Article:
Last August, North American Weather Consultants (NAWC) asked the Colorado Water and Conservation Board (CWCB) to renew its permit for 10 years. So now, cloud seeding is back in action in Gunnison County this year, after NAWC was granted a seven-year renewal of its operating permit.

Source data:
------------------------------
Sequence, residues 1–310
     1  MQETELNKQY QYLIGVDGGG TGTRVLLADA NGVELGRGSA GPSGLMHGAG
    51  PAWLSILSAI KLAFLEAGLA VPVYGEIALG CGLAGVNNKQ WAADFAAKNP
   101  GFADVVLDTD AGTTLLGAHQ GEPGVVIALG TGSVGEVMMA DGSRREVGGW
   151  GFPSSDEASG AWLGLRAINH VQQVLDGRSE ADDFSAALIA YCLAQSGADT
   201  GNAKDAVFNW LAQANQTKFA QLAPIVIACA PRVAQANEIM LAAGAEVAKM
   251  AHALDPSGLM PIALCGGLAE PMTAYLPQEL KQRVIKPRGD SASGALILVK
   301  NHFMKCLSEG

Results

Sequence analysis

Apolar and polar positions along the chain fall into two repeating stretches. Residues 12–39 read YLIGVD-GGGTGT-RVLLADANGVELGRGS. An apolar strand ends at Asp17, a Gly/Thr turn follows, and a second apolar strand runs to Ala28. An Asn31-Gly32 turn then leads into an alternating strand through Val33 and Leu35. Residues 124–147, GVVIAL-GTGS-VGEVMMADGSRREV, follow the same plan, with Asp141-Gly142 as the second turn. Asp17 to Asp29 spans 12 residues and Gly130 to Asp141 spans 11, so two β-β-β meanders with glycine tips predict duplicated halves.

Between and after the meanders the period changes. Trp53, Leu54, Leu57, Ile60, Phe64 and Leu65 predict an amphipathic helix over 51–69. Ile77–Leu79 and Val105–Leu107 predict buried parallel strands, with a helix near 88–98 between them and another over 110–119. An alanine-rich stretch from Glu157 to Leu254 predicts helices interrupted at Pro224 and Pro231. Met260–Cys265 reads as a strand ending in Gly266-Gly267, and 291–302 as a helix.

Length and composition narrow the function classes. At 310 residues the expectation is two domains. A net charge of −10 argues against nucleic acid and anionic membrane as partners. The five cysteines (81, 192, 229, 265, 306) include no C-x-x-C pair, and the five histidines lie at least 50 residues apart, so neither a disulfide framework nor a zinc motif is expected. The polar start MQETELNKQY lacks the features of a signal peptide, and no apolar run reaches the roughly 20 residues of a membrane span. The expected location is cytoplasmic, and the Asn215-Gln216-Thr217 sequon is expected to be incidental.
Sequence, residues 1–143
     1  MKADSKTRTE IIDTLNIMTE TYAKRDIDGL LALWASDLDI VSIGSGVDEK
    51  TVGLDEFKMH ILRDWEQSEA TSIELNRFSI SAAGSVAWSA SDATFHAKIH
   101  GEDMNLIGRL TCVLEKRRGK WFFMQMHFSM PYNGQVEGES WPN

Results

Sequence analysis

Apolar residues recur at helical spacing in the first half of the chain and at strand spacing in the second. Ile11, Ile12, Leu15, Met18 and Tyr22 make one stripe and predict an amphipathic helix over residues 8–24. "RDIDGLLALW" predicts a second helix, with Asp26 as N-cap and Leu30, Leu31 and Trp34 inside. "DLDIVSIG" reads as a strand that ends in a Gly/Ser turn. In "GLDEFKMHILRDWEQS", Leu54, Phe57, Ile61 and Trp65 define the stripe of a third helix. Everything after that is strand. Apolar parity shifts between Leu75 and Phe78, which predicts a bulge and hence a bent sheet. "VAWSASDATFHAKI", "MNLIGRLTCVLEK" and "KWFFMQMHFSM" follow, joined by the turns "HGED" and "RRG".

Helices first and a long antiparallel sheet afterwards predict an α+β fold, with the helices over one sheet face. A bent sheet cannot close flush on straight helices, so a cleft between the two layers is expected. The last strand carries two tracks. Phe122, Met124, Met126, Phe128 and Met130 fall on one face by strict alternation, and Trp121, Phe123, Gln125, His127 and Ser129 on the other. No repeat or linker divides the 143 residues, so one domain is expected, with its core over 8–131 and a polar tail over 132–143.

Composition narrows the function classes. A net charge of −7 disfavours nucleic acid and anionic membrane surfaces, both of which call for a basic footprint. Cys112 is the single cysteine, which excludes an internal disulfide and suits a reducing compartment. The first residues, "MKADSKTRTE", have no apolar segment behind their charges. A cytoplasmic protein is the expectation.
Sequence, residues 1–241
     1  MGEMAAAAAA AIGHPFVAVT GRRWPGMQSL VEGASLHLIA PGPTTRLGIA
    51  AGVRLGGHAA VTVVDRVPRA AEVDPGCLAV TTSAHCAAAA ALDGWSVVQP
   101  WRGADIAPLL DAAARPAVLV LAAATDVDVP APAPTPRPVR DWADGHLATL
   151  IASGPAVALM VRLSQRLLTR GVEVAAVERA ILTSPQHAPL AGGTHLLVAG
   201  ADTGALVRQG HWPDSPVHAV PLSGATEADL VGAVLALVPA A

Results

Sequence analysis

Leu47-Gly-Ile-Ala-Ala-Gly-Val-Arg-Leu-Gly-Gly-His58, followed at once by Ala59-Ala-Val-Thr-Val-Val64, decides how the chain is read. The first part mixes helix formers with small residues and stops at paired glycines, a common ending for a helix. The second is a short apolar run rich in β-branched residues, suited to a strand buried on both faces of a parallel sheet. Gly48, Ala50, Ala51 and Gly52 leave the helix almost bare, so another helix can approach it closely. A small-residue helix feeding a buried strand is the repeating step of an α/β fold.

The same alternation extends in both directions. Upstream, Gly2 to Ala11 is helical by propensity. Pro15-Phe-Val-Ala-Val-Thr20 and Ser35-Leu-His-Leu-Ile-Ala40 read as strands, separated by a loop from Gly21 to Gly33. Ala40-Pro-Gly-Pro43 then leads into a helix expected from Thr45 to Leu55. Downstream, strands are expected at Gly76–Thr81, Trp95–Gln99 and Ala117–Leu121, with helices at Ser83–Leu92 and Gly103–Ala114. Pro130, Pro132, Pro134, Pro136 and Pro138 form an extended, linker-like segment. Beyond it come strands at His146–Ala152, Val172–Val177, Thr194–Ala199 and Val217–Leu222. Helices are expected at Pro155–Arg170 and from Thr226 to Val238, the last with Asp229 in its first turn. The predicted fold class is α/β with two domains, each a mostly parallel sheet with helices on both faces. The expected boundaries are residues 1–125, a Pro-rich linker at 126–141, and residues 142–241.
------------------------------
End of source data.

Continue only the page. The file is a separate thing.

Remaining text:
“It turned out to be a seven-year permit because the state has a sunset review of their licensing and permitting procedures at the state level,” said Don Griffith, NAWC president. With funding assistance from the Upper Gunnison River Water Conservancy District ($26,500), Gunnison County ($10,000), and Mt. Crested Butte ($3,000), NAWC can continue “seeding” winter clouds with propane burners to boost winter snowfall. According to Griffith, the program started in the middle of November this year but didn’t begin seeding until December. So far, six storms have been seeded. The burners’ yellow flames, including one that can be seen near Three Rivers Resort in Almont, burn a mixture of sodium and silver iodide into the lower layers of clouds. That silver iodide can cause water droplets to turn to snow at warmer temperatures than they otherwise would. NAWC estimates that they boost winter storms by about 10 percent to 15 percent. Last August, prior to the program’s permit renewal, Griffith reminded the Gunnison County commissioners that while effective, cloud seeding is not a silver bullet that can reverse drought conditions like the county saw last year. “If you’re going to have 50 percent of snowfall naturally, and you get a 10 percent increase from cloud seeding, that would still result in a snowpack 55 percent of average,” Griffith explained. “There’s still a drought—it’s just going to be a little less dry than it would be naturally.” The total cost of the program is right around $95,000 per year, and NAWC estimates that produces additional water to the tune of about $1 per acre-foot. Matching funds from the state bolster local contributions to reach the full amount.